weekly blog--one for the ages
China’s looming elder-care crisis has provided an opening for fraudsters and Ponzi-like investment schemes. By 2025, more than 300 million people in China will be 60 or older, according to the Chinese government. By 2050, that number is estimated to rise to half a billion.
Traditionally Chinese families have taken care of elderly parents. In the wake of China’s now-defunct one child policy, and because of mass migration to big cities, fewer people can care for the growing gray population. The government provides care to only the most vulnerable, known as the “three no’s” — those with no family, no financial support and no ability to work.
China’s government has turned to the private sector, promising subsidies and tax benefits for companies that build homes. But the cost of building a nursing home is high, and the rewards are often too low because most people cannot afford high-quality care. In Beijing, for example, the monthly bill at retirement homes can be as high as $1,500, according to one report, triple the average retirement paycheck of $535 a month.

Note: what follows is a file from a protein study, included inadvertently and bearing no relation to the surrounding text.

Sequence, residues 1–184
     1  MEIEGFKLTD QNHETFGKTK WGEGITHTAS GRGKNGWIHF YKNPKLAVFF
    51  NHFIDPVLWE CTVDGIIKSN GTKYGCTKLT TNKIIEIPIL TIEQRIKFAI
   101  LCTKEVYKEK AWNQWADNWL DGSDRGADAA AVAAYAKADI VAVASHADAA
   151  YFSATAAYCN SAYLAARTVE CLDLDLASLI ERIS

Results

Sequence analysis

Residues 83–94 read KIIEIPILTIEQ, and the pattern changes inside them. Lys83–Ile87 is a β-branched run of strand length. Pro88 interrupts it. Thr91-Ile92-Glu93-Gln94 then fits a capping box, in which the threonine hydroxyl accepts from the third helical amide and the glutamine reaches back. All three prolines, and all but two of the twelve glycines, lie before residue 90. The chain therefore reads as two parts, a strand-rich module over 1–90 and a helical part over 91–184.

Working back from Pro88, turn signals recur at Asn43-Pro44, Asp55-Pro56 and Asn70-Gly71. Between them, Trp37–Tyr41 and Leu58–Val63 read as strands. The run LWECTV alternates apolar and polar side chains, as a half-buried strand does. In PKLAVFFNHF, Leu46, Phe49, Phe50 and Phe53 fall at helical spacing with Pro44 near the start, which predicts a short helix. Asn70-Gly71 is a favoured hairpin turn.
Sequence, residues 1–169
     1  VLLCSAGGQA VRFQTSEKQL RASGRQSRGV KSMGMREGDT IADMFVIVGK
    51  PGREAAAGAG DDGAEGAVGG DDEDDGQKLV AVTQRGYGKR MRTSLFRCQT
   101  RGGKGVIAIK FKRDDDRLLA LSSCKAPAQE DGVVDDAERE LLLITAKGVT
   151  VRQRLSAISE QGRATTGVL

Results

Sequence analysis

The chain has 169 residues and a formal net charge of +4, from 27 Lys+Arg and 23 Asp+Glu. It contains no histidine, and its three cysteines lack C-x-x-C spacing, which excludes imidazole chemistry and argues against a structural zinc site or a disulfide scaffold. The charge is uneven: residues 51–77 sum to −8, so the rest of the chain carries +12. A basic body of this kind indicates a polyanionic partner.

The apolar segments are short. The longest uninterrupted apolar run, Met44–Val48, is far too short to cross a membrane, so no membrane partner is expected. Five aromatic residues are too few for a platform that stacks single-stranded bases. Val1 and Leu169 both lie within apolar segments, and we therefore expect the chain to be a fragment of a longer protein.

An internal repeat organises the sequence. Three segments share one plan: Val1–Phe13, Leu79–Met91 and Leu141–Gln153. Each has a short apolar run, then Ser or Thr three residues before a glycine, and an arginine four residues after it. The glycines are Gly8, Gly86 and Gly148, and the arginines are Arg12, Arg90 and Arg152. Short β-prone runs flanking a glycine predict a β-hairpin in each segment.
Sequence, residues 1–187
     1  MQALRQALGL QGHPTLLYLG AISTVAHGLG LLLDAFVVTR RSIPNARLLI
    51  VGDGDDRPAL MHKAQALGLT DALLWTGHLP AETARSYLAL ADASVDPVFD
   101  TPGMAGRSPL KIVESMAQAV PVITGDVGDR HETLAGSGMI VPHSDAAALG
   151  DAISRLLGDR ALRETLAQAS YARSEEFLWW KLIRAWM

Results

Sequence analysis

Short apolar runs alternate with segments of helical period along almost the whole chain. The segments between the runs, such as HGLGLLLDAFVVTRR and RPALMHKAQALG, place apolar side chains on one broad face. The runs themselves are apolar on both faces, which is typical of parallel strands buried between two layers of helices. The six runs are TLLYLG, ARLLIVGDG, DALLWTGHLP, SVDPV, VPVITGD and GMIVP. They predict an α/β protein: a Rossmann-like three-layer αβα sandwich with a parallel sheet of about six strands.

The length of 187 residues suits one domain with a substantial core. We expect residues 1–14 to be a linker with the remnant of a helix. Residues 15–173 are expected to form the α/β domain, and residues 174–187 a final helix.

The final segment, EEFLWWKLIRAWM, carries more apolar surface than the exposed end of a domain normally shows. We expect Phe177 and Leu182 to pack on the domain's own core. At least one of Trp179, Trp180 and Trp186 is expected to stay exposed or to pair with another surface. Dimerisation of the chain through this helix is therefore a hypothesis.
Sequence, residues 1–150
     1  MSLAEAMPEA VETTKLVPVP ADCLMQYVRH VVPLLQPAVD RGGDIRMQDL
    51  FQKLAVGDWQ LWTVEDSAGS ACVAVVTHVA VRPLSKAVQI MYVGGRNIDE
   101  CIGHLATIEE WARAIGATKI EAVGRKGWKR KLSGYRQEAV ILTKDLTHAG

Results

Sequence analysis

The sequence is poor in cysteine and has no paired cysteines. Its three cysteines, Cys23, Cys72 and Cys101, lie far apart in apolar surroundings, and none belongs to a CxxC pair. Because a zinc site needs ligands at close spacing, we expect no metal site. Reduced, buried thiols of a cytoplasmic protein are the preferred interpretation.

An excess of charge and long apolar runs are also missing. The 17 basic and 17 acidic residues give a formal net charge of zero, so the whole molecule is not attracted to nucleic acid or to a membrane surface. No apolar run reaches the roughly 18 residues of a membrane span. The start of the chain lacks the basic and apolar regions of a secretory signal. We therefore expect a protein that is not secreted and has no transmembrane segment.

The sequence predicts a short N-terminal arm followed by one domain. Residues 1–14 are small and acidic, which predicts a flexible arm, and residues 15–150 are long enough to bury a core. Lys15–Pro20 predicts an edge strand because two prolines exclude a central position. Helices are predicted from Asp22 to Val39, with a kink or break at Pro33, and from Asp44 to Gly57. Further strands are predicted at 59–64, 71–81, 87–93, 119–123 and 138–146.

To surmount those challenges, some builders skirt laws that forbid them to accept money from residents before the retirement homes are built. Instead of preselling a home or a bed directly, those builders create side investment products that promise high interest rates in addition to future membership benefits.
The authorities and elder-care experts say financial products often turn into Ponzi-like schemes. Money raised from later investors is sometimes used to pay earlier investors. If they can’t presell enough homes or beds to start construction, the project evaporates — and so does the money.
China's Retirement Home Industry is Plagued by Ponzi Schemes - The New York Times (nytimes.com)